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Jan 25, 2011, 05:31 AM
Registered User

DIY RC boat

I'm trying to build my own RC boat with homemade transmitter and receiver. This is due to the school project I take. I have always been into RC boats, but this showed as opportunity to build my first ever. The design (the actual boat) is not my first priority right now. I am trying to find schematics for receiver and transmitter. I have been checking a few sites now, but I have no real clue where to start. I've been checking this site for quite a while, but now I decided to take part in community. I would gladly take any advices about pretty much everything.

Thank you for you answers =)
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Jan 25, 2011, 07:40 AM
Registered User
TecDuck- I think in this instant, you are barking up the wrong tree. I realize that this is a school project but I would put the work in on the boat rather than the radio control system. To build a complete radio system would coat you far more than what a new system would cost you and would probeably not work half as good.

A two channel radio complete can be had for $45.00 or less.
Jan 25, 2011, 07:49 AM
Registered User
CornelP's Avatar
Or much less:
Jan 25, 2011, 08:24 AM
Mmm, tugs...
patmat2350's Avatar
and... using a non-FCC certified transmitter is illegal. Buy new, or rip one out of a cheap RC toy.
Jan 25, 2011, 10:20 AM
Damp and Dizzy member
Brooks's Avatar
I agree with Pat, making your own RC radio is fraught with legal peril :-).

Perhaps you could make an IR (infrared) tx (transmitter) and rx (receiver). Since they don't use radio waves, but light waves, perhaps they'd be free of FCC regulation. Or, you could make the rx for your boat, and use a commercial tx (many toys' remote control is IR, eg Airhog motorcycle, Venom min helicopter).

I don't know the schematics for such an IR set. Perhaps you could find some help over on the Radio or DIY Electronics forums.
Here are my Search theads for "infrared" on DIY Elect and Radios Forums:
a thread that may help:
Jan 25, 2011, 10:51 AM
Registered User
I see you gave me quite a few alternatives, but what am I going to show to them ? I'm supposed to show something I did on my own as for the electronics goes. He/they won't care as much about boat outside... When I told my teacher I'm into RC stuff, he would just say to do it then. I had no clue at that time that meant I'd had to do whole RC on my own with chips, elements and soldering. Right now I am way to late to change the topic onto something easier.

Anyways are there any other ways to do it ? I wouldn't care about double price as long as it would work to show them =)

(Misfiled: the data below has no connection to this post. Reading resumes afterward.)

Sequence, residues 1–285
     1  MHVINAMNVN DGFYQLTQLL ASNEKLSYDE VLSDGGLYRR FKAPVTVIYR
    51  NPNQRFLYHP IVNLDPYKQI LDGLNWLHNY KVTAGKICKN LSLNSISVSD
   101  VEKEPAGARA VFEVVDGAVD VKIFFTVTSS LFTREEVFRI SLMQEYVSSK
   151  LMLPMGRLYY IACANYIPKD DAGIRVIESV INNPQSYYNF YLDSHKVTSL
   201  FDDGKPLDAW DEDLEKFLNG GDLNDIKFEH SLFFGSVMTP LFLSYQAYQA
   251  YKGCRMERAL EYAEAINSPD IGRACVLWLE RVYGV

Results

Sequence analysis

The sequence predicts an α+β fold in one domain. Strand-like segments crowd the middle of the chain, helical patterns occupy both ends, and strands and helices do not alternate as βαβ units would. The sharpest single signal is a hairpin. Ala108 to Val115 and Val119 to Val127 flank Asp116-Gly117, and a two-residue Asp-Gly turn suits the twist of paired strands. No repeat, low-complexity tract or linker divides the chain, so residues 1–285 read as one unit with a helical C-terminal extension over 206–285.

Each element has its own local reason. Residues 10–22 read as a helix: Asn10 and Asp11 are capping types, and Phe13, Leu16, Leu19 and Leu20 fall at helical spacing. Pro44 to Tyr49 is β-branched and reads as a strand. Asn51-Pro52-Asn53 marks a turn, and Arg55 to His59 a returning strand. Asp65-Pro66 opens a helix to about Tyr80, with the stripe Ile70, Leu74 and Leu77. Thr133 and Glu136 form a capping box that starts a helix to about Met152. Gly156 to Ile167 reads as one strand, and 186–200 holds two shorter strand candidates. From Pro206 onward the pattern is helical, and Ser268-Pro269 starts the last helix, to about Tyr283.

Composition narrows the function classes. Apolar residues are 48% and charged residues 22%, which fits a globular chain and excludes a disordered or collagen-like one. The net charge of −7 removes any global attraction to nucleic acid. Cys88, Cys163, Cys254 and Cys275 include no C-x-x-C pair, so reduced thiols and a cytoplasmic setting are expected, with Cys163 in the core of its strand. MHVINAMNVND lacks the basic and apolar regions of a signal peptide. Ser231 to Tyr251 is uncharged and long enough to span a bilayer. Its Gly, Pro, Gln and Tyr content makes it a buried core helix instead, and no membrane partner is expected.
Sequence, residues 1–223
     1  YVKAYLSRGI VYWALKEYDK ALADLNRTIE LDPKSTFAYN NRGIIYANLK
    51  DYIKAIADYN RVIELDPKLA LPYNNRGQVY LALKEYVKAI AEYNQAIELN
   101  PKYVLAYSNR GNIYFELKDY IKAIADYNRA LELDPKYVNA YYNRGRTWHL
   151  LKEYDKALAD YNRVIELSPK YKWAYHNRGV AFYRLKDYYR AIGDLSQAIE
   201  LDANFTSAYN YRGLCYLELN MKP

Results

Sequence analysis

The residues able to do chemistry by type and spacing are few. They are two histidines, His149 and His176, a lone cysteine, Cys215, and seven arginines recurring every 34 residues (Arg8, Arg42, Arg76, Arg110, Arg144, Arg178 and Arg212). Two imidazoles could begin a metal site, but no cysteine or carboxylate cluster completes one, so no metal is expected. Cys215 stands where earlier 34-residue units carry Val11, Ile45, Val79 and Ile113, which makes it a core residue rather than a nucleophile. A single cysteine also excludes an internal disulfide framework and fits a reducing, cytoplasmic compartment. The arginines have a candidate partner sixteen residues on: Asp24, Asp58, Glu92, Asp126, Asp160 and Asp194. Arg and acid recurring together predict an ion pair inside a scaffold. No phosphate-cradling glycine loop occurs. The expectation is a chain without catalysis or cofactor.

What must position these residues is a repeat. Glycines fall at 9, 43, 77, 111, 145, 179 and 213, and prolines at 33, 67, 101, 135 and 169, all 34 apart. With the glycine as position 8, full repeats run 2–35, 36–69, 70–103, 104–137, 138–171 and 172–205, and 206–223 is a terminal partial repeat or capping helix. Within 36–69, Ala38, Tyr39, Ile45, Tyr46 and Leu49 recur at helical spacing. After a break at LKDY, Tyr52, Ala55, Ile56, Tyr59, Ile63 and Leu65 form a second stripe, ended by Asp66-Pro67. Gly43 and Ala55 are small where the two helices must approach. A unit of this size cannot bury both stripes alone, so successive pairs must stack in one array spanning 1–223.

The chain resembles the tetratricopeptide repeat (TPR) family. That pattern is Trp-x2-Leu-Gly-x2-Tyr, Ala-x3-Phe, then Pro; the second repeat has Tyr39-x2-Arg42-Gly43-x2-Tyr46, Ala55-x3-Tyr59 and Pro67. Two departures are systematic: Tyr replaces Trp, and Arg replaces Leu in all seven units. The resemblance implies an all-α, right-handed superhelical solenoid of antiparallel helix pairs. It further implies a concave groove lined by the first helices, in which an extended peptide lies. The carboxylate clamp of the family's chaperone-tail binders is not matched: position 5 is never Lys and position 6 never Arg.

Thanks for all the answers.
Jan 25, 2011, 11:14 AM
3 Blades to the Wind
Shaun Hendricks's Avatar
You can create a tone transmitter and reciever system and use the FRS bands to control it. This is perfectly legal. You just need FRS walkie talkies and a tone decoder. You can use a small keyboard as an encoder.

You can also go down the robotics road and transmit commands via several legal wireless frequencies. Data commands are allowed on these paths.

There are other creative ways as well, optical transmission is fully allowed.
Jan 25, 2011, 11:18 AM
Mmm, tugs...
patmat2350's Avatar
No problem, just redefine the project... you don't have to scratch-build your own resistors or chips, right? Why then do you have to scratch build the radio?

Hacking/repurposing is a noble and respected endevour! Gut an RC toy, hook it up to a new set of motors and make it go... you'll get your 'A'!
Jan 25, 2011, 12:37 PM
GILL RC's Avatar
When I was in 9 (1958) grade I build a model of the Lincoln Futura car. The body was balsa and bass wood I used a dumas motor and gears and the radio was a Citizenship 6 channel reed system. The chassis was plexiglass and during the demo it flexed enough too strip one of the gears. Still came in third at he science fair.
I say go for it. You can dazzle them with lights and sound.
Jan 25, 2011, 06:14 PM
Registered User
John- Kinda’ reminds me of what my brother use to say , “baffle them with bull sh_t, and dazzle them with foot work”. You know, like a used car salesman.
Jan 25, 2011, 07:53 PM
Registered User
Thinking back 20 something years, Maplin (a UK electronics supply chain) offered both a receiver and transmitter kit. The instructions required that the builder had a fairly comprehensively equipped workshop having oscilloscopes capable of better than average performance, and wavemeters, all calibrated to a laboratory standard, and that was with the standards applicable back then. That's probably one reason why they dropped the line. That, the chips no longer being available, and the advent of good quality, low priced ready made and certified equipment.
Modifying a butchered toy or figuring how to encode at the transmitter, decode and distribute at the receiver, and transmit over an ultrasonic or IR link could be the way to go. Still not a small job.
What kind of boat were you thinking, and what range to operate over?

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